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Wait Wait...Don't Tell Me!
5:53 pm
Fri April 11, 2014

Prediction

Originally published on Sat April 12, 2014 1:44 pm

Transcript

PETER SAGAL, HOST:

Now panel, what will we all do now that we can't go on the internet safely? Luke Burbank?

LUKE BURBANK: Resort to the unthinkable. Feeling our feelings for the briefest of moments.

(LAUGHTER)

SAGAL: I refuse. Amy Dickinson?

AMY DICKINSON: Instead of posting on Facebook, maybe we'll put our face in a book?

(APPLAUSE)

DICKINSON: It could happen.

SAGAL: And Charlie Pierce?

CHARLIE PIERCE: Go out in the backyard and make real birds really angry.

(LAUGHTER)

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Wait Wait...Don't Tell Me!
5:53 pm
Fri April 11, 2014

Lightning Fill In The Blank

Originally published on Sat April 12, 2014 1:44 pm

Transcript

PETER SAGAL, HOST:

Now on to our final game, Lightning Fill in the Blank.

CHARLIE PIERCE: Now on to our final game, Lightning Fill in the Blank.

(LAUGHTER)

SAGAL: Each of our players will have 60 seconds in which to answer as many fill in the blank questions as they can. Each correct answer now worth two points. Carl, please can you give us the scores?

CARL KASELL, BYLINE: Luke Burbank has the lead, he has four points. Amy Dickinson and Charlie Pierce are tied for second, each has two.

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Wait Wait...Don't Tell Me!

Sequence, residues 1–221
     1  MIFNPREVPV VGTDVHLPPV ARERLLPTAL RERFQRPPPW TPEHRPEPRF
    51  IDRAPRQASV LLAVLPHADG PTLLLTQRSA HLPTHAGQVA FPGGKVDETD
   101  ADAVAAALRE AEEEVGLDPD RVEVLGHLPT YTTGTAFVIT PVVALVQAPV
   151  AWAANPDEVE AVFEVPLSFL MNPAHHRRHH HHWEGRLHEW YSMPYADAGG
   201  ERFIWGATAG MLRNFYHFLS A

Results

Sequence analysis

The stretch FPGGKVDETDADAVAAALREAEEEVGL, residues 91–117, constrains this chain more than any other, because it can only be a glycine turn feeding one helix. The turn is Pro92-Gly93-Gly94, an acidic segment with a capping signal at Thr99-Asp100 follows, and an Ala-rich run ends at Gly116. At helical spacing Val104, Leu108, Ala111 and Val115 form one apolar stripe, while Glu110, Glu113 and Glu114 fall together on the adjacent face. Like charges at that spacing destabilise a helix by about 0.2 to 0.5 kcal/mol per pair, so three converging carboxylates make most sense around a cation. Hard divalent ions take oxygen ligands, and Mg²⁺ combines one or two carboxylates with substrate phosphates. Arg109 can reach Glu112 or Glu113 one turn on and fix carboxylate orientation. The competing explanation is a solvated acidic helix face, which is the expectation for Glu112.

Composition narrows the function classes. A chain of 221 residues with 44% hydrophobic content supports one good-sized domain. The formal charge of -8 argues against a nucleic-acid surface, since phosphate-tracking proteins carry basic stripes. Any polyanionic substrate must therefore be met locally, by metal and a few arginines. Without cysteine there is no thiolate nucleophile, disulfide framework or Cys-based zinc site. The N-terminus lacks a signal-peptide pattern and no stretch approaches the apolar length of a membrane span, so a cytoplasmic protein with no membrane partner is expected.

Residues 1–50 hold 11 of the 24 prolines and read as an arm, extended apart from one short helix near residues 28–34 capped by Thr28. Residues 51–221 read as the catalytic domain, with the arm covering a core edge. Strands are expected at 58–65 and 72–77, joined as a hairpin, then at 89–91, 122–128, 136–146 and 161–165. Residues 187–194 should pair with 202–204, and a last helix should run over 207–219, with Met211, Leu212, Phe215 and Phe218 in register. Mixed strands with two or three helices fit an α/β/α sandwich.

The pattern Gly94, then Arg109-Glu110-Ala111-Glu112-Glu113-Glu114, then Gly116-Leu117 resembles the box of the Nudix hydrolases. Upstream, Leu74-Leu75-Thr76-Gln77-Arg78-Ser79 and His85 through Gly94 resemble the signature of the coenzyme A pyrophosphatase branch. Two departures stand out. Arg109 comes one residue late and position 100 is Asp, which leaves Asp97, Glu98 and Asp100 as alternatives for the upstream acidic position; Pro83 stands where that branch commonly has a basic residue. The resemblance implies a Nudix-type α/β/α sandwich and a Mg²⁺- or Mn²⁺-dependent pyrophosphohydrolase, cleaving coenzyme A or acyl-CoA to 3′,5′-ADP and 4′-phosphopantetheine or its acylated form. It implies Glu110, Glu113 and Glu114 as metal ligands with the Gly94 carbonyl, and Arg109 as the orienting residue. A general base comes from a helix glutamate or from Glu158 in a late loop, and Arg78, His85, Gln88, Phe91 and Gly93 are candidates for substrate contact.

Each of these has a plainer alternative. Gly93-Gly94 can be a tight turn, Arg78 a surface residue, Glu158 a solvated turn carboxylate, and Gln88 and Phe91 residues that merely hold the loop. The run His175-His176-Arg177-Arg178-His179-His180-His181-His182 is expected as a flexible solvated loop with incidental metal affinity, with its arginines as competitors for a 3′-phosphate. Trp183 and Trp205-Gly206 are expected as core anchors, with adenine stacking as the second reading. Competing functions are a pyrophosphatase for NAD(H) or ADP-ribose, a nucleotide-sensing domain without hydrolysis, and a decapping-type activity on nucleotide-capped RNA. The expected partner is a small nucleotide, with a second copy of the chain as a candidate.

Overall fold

5:53 pm
Fri April 11, 2014

Limericks

Originally published on Sat April 12, 2014 1:44 pm

Transcript

PETER SAGAL, HOST:

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Deep In The Heart Of (A Transforming) Texas
4:41 pm
Fri April 11, 2014

LBJ Carried Poor Texas Town With Him In Civil Rights Fight

Long before he was president, Lyndon Johnson taught in Cotulla, Texas. He is pictured here with students in 1928.
Courtesy of LBJ Library

Originally published on Sat April 12, 2014 1:34 am

Today Cotulla, Texas, is reaping the benefits of an oil and natural gas boom in the Eagle Ford Shale. But in 1928, the South Texas town was incredibly poor — and that's how Lyndon Johnson saw it when he had his first job there at age 20.

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All Tech Considered
4:31 pm
Fri April 11, 2014

Can't Ask That? Some Job Interviewers Go To Social Media Instead

In the hiring process, there are things employers aren't permitted to ask, like whether you plan to have kids. Some employers turn to social media to learn more about job candidates.
iStockphoto

Originally published on Tue April 15, 2014 1:49 pm

Many of Don Kluemper's management students at the University of Illinois at Chicago have had this experience: After going on a job interview, they sometimes receive "friend" requests from their interviewers.

It puts the students in a bind, he says. They fear that not accepting the request might hurt their job chances, but they also feel compelled to scrub their profiles before accepting.

"They didn't know why they were being friended," Kluemper says. "If it was some personal request or if the person was going to be screening their profile."

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